by Executing a Year-Round Work Plan
BY NIKKI GOLDEN
If;you’ve worked at a volunteer organization in any capacity, you’re familiar with the following drill: A new board gets sworn in with an agenda differ- ent than that of the previous board, and suddenly
staff time is being expended on the pet project of the day.
But what if you had a tool that defined what the organization wanted to accomplish for the year, created with input
from all stakeholders, with a timeframe, metrics and budget
tied to it?
In 2004, the National Association of the Remodeling
Industry created a strategic plan, something the association
had previously done but soon afterward shelved. This time,
with the assistance of a consultant, NARI realized the strategic plan must tie to the rest of the organization’s activities.
“We had to create a bridge to make the plan real and tangible and demonstrate we were using it,” says NARI Executive Vice President Mary Busey Harris.
Thus, NARI’s work plan tool was born. “It was a life-
line because we saw right away how to make a connection
between something theoretical and lofty goals,” Harris says.
“Now we had concrete tactics and measurements to make
this tool work.”
Before establishing the work plan, NARI leaders would come up
with ideas that didn’t consider budget implications or staff time.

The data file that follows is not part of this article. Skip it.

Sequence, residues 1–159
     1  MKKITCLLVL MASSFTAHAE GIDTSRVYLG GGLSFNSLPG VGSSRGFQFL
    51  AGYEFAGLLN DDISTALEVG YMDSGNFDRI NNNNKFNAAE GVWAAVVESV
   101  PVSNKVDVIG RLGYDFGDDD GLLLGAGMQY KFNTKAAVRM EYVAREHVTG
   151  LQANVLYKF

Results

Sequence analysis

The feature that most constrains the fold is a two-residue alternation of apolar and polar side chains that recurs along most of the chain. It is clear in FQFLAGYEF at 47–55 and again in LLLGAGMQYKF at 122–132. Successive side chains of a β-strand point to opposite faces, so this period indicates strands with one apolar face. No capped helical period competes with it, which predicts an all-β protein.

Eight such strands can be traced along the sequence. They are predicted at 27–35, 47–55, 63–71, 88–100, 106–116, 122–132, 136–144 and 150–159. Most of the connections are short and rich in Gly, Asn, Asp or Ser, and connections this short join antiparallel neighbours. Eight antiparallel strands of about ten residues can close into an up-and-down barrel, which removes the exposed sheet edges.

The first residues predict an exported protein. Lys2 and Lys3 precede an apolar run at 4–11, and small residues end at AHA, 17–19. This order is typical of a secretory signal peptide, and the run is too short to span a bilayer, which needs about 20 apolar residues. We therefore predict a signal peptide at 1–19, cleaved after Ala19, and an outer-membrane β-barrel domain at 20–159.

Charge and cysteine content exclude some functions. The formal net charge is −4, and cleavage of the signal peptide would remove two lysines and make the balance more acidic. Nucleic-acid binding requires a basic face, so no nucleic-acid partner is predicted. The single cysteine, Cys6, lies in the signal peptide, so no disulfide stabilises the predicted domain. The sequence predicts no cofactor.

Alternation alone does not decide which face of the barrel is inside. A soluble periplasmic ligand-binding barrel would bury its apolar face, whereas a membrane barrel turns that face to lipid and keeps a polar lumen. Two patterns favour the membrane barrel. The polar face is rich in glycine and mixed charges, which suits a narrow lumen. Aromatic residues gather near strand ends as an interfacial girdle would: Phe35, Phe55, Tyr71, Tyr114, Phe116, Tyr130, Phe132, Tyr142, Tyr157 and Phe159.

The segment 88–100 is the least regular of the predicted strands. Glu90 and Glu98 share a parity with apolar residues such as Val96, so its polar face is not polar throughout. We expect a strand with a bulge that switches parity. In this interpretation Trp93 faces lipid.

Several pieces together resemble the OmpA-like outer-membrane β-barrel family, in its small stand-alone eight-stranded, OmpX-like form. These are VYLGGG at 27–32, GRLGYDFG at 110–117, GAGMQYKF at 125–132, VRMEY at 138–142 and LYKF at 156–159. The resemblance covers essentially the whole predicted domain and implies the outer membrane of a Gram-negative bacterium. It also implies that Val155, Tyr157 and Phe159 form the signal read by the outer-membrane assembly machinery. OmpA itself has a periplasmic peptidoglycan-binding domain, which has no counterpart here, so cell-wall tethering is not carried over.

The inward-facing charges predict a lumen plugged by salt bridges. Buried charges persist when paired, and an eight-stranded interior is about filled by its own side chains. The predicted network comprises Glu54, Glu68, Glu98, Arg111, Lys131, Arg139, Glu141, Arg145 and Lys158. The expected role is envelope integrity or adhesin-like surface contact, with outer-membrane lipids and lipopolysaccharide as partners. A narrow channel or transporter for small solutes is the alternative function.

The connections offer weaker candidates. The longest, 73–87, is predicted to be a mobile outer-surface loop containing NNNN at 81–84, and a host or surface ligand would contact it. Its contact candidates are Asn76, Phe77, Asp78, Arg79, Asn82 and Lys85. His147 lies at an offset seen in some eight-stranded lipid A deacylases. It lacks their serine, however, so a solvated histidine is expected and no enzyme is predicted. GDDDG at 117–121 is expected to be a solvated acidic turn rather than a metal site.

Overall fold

“When the [work plan] came in, we felt overjoyed and
relieved that we had a plan that corresponded to the way
we think as business owners,” says Everett Collier, CR, a
member of the NARI Executive Committee when the work
plan was created. “Here’s a plan, here’s how it will go, here
are metrics to measure by and tactics on how we’re going to
accomplish it in X amount of time.”
The work plan document spells out what projects the staff
and various committees will tackle within the next calendar
year (see page 32 for an example). Each project is attached
to the person(s) or committee(s) responsible for accomplishing the task, a target start and end date, the resources
required and an evaluation metric. What is most important
about the work plan is that each item must be tied to one or
more of four goals that are outlined in the strategic plan.
The development process is a collaboration that often
begins at the committee level, with each committee having
an opportunity to provide input to its staff liaison on what it
would like to accomplish within the four pillars of the strategic plan.
Staff liaisons then bring these ideas and more to a two-day offsite meeting. The first portion of the meeting is spent
reviewing the previous year’s work plan — beginning with the
executive vice president giving feedback from the executive
committee, which already had a year-end review. The staff
then combs through the last work plan, examining what’s